This argument of "crisis-as-opportunity" also resonates with the influential thinker Anthony Giddens's call for the old "enabling state" to evolve into the new "ensuring state" (see "The politics of climate change", Policy Network, 8 September 2008). This would require certain collectively-defined emissions-outcomes to be ensured through appropriate regulatory frameworks. To achieve the putative goals of climate policy under such a dispensation would call for, if not quite the discredited heavy-handed state collectivism of earlier ideologies, then a new "green" authoritarianism within western liberal democracies. In Britain for example, it is hard to see how else the climate-change minister Ed Miliband's adoption of a minimum 80% reduction in carbon-emissions by 2050 will be secured. Voluntarism in climate change, this argument would suggest, may soon seem as outdated an axiom as self-regulation of capital markets now appears.
openDemocracy writers debate the politics of climate change:
Stephan Harrison, "Glaciers and geopolitics" (27 May 2005)
Saleemul Huq & Camilla Toulmin, "Climate change: from science and economics to human rights" (7 November 2006)
Simon Retallack, "Climate change: the global test" (10 November 2006)
Tom Burke, "Climate change: choosing the tools" (21 December 2006)
John Elkington & Geoff Lye, "Climate change's right and wrong fixes" (2 February 2007)
Dougald Hine, "Climate change: a question of democracy" (2 March 2007)
These two reactions to the financial crisis - a retreat from concern and a resurgence of regulation - appear diametrically opposed. Yet each reveals a conservative understanding of the fundamental conundrum which underlies climate change. Neither attempts or engages with any deep diagnosis of the climate-change phenomenon. A third response, less articulated at present than the other two but already visible, may by undertaking this task come to offer a new set of directions: whereby the financial crisis could move our discourse about climate change towards wider challenges to our values, our lifestyles and our (implicit and explicit) judgments about human well-being.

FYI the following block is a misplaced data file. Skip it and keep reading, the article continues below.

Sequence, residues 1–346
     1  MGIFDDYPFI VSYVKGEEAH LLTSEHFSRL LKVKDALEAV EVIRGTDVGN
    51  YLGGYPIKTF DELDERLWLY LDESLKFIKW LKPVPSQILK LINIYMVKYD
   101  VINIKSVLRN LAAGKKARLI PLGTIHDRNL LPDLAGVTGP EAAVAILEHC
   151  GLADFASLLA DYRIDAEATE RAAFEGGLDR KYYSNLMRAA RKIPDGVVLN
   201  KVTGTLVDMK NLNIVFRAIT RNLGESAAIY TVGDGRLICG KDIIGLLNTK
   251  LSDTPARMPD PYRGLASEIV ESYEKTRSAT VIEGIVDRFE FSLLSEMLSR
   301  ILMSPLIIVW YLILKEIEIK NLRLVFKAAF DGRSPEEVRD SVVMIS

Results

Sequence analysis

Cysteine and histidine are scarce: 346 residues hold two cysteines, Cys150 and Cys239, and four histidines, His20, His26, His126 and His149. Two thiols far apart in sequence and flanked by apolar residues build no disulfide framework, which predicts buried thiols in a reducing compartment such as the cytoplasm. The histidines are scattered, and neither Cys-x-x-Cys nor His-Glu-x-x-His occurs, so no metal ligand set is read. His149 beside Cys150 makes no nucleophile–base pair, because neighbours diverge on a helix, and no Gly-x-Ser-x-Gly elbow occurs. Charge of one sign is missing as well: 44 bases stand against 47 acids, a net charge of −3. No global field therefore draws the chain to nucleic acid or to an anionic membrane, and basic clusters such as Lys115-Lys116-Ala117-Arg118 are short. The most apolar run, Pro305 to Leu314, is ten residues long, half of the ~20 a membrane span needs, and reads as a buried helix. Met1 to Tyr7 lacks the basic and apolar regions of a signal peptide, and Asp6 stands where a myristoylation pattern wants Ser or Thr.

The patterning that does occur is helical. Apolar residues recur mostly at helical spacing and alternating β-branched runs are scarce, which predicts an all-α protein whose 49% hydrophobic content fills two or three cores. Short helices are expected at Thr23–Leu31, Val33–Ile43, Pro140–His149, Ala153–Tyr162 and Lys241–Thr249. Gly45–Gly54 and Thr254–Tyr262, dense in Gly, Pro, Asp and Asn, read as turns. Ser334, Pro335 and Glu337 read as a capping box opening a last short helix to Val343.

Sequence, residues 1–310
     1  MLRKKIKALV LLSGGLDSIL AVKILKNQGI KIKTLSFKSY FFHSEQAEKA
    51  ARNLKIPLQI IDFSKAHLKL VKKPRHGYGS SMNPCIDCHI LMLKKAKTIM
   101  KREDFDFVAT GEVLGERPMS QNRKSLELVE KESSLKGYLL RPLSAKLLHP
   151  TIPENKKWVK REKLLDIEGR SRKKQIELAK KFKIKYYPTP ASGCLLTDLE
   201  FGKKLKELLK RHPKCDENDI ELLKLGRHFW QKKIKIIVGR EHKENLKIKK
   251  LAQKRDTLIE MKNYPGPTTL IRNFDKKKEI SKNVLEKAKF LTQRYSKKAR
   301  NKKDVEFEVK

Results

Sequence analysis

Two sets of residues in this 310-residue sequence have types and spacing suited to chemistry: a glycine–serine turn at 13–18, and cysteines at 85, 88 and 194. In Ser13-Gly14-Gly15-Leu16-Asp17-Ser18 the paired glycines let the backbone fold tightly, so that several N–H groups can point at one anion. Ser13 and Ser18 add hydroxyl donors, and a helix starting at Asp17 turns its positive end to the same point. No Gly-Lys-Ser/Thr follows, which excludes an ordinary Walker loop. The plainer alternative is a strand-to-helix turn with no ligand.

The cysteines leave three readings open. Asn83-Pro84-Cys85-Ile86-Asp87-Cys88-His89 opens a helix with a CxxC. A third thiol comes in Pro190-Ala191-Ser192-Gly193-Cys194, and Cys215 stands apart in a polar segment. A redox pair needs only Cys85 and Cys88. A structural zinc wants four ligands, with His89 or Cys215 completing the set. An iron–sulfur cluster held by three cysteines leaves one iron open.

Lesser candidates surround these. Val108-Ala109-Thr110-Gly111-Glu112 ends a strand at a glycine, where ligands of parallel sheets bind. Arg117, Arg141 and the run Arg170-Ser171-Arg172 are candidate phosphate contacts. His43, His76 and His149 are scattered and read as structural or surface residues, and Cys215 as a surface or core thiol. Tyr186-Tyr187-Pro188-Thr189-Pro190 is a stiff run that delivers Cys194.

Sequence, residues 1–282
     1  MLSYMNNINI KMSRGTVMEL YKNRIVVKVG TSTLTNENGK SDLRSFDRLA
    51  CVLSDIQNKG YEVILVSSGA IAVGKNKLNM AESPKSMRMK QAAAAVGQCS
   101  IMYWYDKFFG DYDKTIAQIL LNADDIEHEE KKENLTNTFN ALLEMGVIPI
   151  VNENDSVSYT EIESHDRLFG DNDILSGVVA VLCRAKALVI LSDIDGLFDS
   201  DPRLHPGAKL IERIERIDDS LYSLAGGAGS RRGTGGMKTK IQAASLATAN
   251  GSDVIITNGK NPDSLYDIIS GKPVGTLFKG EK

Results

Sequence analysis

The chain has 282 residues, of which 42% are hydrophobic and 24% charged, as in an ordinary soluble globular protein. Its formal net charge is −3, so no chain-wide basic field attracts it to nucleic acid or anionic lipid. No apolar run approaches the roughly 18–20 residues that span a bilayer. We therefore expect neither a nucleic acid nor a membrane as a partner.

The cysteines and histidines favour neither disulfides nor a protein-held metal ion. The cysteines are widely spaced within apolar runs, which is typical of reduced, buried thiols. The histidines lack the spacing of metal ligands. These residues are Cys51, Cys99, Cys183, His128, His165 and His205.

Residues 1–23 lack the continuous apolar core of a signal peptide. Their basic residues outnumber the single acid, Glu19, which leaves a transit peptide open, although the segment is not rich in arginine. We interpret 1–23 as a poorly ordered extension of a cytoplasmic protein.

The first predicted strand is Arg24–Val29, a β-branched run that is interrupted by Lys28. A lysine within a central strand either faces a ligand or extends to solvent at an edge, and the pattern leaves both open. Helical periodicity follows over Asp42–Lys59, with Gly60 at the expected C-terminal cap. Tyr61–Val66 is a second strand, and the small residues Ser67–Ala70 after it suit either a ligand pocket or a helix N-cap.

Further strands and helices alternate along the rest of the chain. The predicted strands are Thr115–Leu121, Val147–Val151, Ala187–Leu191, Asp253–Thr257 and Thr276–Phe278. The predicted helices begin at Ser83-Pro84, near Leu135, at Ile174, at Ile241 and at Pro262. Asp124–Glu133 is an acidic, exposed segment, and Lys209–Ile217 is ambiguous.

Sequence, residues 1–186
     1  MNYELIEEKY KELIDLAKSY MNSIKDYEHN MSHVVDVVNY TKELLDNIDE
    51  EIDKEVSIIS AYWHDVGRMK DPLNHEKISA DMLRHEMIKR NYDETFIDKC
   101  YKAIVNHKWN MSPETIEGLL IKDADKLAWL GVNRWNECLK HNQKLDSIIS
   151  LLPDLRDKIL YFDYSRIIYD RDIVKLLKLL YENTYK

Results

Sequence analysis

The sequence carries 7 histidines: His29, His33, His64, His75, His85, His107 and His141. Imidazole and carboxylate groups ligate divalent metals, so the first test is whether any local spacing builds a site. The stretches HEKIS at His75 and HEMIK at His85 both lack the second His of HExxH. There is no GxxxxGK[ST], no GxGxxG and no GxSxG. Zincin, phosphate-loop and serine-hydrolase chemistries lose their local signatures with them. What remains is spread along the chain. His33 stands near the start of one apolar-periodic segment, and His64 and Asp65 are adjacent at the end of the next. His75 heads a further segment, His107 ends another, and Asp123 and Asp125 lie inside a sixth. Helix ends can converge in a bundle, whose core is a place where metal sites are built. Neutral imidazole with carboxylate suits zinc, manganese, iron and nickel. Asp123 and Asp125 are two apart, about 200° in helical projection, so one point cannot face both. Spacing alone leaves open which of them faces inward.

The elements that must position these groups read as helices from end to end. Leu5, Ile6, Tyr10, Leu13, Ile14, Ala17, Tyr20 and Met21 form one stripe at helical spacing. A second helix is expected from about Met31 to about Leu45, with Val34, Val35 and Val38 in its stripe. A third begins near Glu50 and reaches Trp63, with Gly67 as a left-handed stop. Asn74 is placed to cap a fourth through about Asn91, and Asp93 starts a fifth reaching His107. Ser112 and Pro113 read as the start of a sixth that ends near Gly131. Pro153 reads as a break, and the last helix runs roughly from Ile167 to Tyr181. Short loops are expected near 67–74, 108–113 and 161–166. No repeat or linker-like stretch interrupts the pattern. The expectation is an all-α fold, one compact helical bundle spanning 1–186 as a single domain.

These challenges may range from questioning the ethics underlying institutional forms and practices to questioning the values and aspirations of individual citizens. Jonathon Porritt, for example, calls for a recognition of the parallels between financial and ecological debt (see Jonathon Porritt, "Zero hour for a new capitalism", Green Futures, October 2008); and this is itself an upstream economic version of the argument already articulated in WWFs report Weathercocks and Signposts (April 2008)
The latter suggests that no substantial progress on climate-change goals will be secured without confronting the prevailing "extrinsic" values (material goods, financial success, image) by which society largely operates, and replacing them with "intrinsic" values (personal growth, emotional intimacy, community involvement). This implies no less than a wholesale reframing and redirecting of human development. If we apply the scenario categories of the Intergovernmental Panel on Climate Change (IPCC's) special report on emissions scenarios, the WWF report advocates a future that looks and feels more like the "local stewardship" (B2) scenario than the "global affluence" (A1) world. Such a project of social restructuring resonates too with the "low-energy cosmopolitanism" postulated by Andrew Dobson and David Hayes (see "A politics of crisis: low-energy cosmopolitanism", 22 October 2008).